Industry Guide to the Glazed Ceramics and Glassware Regulations

Table of Contents

Introduction

This document provides information about the safety requirements that apply under the Glazed Ceramics and Glassware Regulations (GCGR) to glazed ceramic and glassware manufactured, imported, advertised or sold in Canada.

This document is an unofficial summary of safety requirements for glazed ceramic and glassware under the GCGR. It is not intended to substitute for, supersede or limit the requirements under the applicable legislation. In case of any discrepancy between this summary and the legislation, the legislation will prevail.

This document may be updated from time to time. For the most recent version, consult Health Canada's website.

Legislation

Glazed ceramics and glassware and related products manufactured, imported, advertised or sold in Canada are subject to the Canada Consumer Product Safety Act (CCPSA) and the GCGR.
In addition to the product-specific requirements noted in this document, glazed ceramics and glassware are subject to provisions under the CCPSA, which include:

Under the CCPSA, Health Canada has the authority to:

Enforcement actions taken by Health Canada on a non-compliant consumer product, are authorized by the CCPSA and may include:

A Quick Reference Guide for the CCPSA is available on the Government of Canada website. The reader is directed to the legislation for full information on the requirements and prohibitions. See Appendix B - Information Resources of this document for links to references.

Background

Lead glazes have traditionally been used on ceramic and glassware products because they are easy to use, provide a wide choice of colours and finishes and give a smooth, bright look to the glazed product. Cadmium is sometimes used to give a light yellow or orange colour to glazes.

Lead and cadmium are very toxic and can cause serious health problems when ingested, especially to children. Lead affects the nervous system and can cause mental symptoms like depression, forgetfulness and confusion. Even small amounts of lead can cause learning and behaviour problems in children. Lead also harms the kidneys and blood system. Because lead builds up in the body, ongoing exposure to small amounts of lead can result in large amounts of lead being stored in the body. At high doses, lead causes seizures, coma and death.

Exposure to low amounts of cadmium can cause kidney damage and weak bones. At higher amounts, cadmium causes vomiting, nausea, stomach pains, diarrhea, dizziness and muscle cramps. Exposure to high levels of cadmium over a short period will cause shock, collapse and sometimes death.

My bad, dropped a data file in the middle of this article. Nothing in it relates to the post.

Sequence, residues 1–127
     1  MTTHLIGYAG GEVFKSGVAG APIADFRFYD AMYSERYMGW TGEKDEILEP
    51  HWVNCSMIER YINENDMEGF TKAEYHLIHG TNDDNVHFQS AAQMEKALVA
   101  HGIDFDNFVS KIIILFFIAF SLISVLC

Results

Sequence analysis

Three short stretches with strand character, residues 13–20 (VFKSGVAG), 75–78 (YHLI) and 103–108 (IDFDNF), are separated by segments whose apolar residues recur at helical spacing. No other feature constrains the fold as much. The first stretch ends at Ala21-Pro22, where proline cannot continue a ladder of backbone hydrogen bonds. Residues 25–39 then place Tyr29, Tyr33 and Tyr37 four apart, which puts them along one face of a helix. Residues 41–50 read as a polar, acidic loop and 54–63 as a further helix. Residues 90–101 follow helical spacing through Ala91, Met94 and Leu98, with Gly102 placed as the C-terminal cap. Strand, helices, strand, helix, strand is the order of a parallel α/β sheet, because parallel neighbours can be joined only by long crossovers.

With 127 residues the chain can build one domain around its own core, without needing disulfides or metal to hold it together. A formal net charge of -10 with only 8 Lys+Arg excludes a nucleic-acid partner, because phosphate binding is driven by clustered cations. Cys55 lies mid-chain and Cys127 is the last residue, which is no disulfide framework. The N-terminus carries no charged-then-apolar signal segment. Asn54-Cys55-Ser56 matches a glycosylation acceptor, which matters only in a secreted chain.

Exposure to Lead and Cadmium from Glazed Ceramic and Glassware Products

If lead or cadmium is used in the glaze or other decorative elements of ceramic or glass products that are used to prepare, serve or store food (including drinks), it can migrate out and enter the food. Anyone who eats or drinks the food will be taking lead or cadmium into their bodies. Lead and cadmium dissolve more easily from worn, cracked or chipped surfaces. They also dissolve more easily into hot foods and into foods with a high acid content, like fruit juices and alcoholic beverages. The longer the food remains in contact with a product containing lead or cadmium, the more lead or cadmium may move into the food.

Glazed Ceramics and Glassware Regulations (GCGR)

These Regulations help protect Canadians by setting limits on the amount of migratable lead and cadmium in all glazed or otherwise decorated ceramic or glass foodware products. The Regulations apply to products that are manufactured, imported, advertised or sold in Canada that:

Decorations include but are not limited to painting, heat-pressed designs, direct screens, and various decals.

Almost all ceramic foodware products sold in Canada are glazed. The GCGR do not cover undecorated glass foodware products. However, glass drinking vessels that have a distinctive exterior decoration, coating or glazing within 20 mm of the lip or rim must not release lead in excess of 4 mg/L or cadmium in excess of 0.4 mg/L when tested according to the method set out in Section 2 of the Schedule to the regulations.

Examples of products in scope of the GCGR are presented in Figures 1 to 10.

Fig. 1: Drinking glass with decorative glazing

drinking glass with decorative glazing

Fig. 2: Glazed ceramic tagine

glazed ceramic tagine

Fig. 3: Glazed ceramic spoon

glazed ceramic spoon

Fig. 4: Ceramic pitcher

ceramic pitcher

Fig. 5: Ceramic cup and saucer with decorative glazing

deramic cup and saucer with decorative glazing

Fig. 6: Glazed ceramic table plate

glazed ceramic table plate

Fig. 7: Glazed serving bowl

glazed serving bowl

Fig. 8: Small glazed dish

small glazed dish

Fig. 9: Drinking glass with decoration near rim

drinking glass with decoration near rim

Fig. 10: Drinking mug with decorative glazing near rim

drinking mug with decorative glazing near rim

The amounts of lead or cadmium that could be released from a glazed ceramic or glass foodware product are affected by the size and shape of the product. For this reason, the maximum limits for migratable lead and cadmium under the GCGR are different for different sizes and shapes of products. The table below summarizes the limits for migratable lead and cadmium in glazed ceramic and glass foodware.